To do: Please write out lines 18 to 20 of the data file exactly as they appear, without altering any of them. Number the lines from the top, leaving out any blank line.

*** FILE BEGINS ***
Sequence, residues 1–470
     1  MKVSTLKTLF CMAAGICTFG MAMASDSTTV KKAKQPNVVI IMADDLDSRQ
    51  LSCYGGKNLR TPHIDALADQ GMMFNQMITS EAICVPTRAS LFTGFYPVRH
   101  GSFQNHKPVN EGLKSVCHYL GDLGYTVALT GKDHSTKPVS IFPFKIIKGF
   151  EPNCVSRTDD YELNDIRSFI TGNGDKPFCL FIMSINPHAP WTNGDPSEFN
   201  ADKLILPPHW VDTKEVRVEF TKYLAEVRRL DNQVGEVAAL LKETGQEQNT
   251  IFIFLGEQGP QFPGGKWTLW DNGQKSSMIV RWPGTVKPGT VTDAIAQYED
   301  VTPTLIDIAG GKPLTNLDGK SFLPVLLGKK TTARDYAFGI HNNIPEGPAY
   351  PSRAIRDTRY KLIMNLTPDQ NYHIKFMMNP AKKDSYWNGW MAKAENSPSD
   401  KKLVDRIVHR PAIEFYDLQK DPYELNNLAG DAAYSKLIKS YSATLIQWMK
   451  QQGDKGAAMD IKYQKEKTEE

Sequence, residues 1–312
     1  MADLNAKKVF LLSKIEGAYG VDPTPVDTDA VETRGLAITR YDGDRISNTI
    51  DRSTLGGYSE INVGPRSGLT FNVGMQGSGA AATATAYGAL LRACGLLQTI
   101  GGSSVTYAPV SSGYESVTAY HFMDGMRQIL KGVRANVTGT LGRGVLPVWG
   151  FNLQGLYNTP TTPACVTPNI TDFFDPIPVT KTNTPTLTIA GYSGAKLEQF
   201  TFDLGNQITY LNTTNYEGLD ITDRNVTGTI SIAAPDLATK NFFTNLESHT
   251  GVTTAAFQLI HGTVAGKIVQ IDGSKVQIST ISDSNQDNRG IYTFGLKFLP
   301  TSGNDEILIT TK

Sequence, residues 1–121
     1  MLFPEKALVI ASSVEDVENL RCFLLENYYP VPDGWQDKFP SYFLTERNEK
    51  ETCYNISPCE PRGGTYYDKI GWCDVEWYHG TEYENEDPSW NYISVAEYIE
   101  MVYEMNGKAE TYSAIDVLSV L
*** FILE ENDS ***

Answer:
   251  GVTTAAFQLI HGTVAGKIVQ IDGSKVQIST ISDSNQDNRG IYTFGLKFLP
   301  TSGNDEILIT TK

Sequence, residues 1–121